The music industry is constantly transforming, and having an edge and distinction in music can separate acts into memorable and forgettable categories; and in years prior, the summer to autumn transition can be an exciting time for new artists. We’ve seen the likes of Ed Sheeran, Newton Faulkner, Kurt Vile and James Bay, all rise to fame in this transitional season yet their patterns and aesthetics have become increasingly recognisable and predictable.
Cue Montreal based Jesse Mac Cormack, a solo artist with a raw and refined element to his music. Growing up in a country surrounded by diversity and culture has allowed this Canadian musician to seamlessly blend electronica and acoustic into an exciting form that strays from the over saturated ballads we’re all too familiar with.
GIGsoup contributor John Gittins had the chance to chat to Jesse about his upcoming EP ‘After the Glow’ and his single ‘Never Enough’.
You blend a variety of electronica elements against a lot of robust and harsher dynamics of acoustic instruments. Who did you look to for direction and inspiration to achieve this hybrid form of music
I remember falling in love with Radiohead and going to a record store to ask if they knew any band aside from Radiohead that blended rock music and electronic sounds as well as they did. I can say that band were the first to make me look that way.
Based in Montreal you follow a trend of innovative and eclectic artists such as Arcade Fire, Wolf Parade, & Godspeed You! Black Emperor to name a few. How do you think Montreal’s scene has helped give direction to its artists and can you add any of your own favourite local legends to the list?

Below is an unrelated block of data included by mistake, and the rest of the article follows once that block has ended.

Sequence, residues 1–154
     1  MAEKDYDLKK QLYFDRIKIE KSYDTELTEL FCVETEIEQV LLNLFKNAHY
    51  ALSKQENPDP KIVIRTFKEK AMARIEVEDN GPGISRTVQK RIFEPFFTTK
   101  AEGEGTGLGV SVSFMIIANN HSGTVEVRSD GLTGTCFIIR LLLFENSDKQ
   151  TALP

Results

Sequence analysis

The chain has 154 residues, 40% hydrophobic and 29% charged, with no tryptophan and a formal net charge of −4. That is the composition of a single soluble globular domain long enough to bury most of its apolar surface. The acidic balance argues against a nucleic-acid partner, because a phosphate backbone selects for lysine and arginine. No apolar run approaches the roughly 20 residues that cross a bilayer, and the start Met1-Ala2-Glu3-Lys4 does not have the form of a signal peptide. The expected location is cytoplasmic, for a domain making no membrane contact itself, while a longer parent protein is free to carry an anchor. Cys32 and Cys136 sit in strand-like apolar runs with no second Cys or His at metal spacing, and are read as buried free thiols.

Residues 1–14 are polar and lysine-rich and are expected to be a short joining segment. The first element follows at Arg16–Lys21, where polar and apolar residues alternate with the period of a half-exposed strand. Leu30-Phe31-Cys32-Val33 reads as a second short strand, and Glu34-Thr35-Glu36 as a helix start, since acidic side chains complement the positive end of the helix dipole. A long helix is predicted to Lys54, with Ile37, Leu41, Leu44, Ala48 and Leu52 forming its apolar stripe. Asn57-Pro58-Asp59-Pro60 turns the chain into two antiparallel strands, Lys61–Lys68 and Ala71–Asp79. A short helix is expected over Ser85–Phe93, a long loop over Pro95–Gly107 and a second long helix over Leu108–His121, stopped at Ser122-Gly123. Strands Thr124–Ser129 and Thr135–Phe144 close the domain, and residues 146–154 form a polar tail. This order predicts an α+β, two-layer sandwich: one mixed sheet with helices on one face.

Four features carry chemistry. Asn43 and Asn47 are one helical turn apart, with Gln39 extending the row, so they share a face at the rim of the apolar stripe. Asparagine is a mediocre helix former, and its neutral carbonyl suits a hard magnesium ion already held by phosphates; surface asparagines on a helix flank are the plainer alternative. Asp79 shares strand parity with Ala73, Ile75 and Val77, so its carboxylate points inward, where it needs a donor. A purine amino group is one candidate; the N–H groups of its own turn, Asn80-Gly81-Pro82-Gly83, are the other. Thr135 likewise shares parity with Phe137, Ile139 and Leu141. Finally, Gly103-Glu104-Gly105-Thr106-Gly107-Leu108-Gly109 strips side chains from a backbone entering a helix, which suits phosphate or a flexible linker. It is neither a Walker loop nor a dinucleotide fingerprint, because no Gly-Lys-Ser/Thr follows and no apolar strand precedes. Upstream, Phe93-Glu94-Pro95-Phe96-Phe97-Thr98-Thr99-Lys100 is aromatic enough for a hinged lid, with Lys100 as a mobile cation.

How did the Montreal music scene influence me? Other than to incite me to play shows because there are lots places to play and lots of people who go to shows, I don’t know. Maybe it keeps me alive, maybe it doesn’t. Can’t say, I’ve never lived anywhere else. The thing is that here there are a shitload of musicians trying make it and also just making it. The scene is alive.
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‘Never Enough’ delves deep into synths with a developing introduction that progresses with 80’s style synthesisers, to violins, to cowbells, with a constant fuzz guitar tone. What sort of gear has helped you achieve your signature sound and how do you manage to keep order in your songs when so much is going on?
Bass, Juno, Tape echos and tube preamps. That’s what it is. There’s a lot in there for sure. For order, it’s like cleaning your room, you gotta to make space for everything, throw stuff away, make sure the floor is well cleaned and most important of all, open the window to let air and light into the room. Make it feel fresh and clean!
Behind the synthesizers and drones lies a recognisable twang of acoustic guitar, not at all unfamiliar to the likes of John Butler Trio, and Matt Corby. Do you think the task of proving yourself as a singer songwriter especially as a solo guitarist is getting harder against the world’s pop and rap preferences in solo artists?
I honestly don’t have the ambition of proving anything to anyone. I’ve never thought of making money with my music. It’s not a competition, just a way of expression. We must not judge, compare or fear in art. It’s only a question of doing what you do.
This Jesse Mac Cormack article was written by John Gittins, a GIGsoup contributor. Photo: Frédérique Bérubé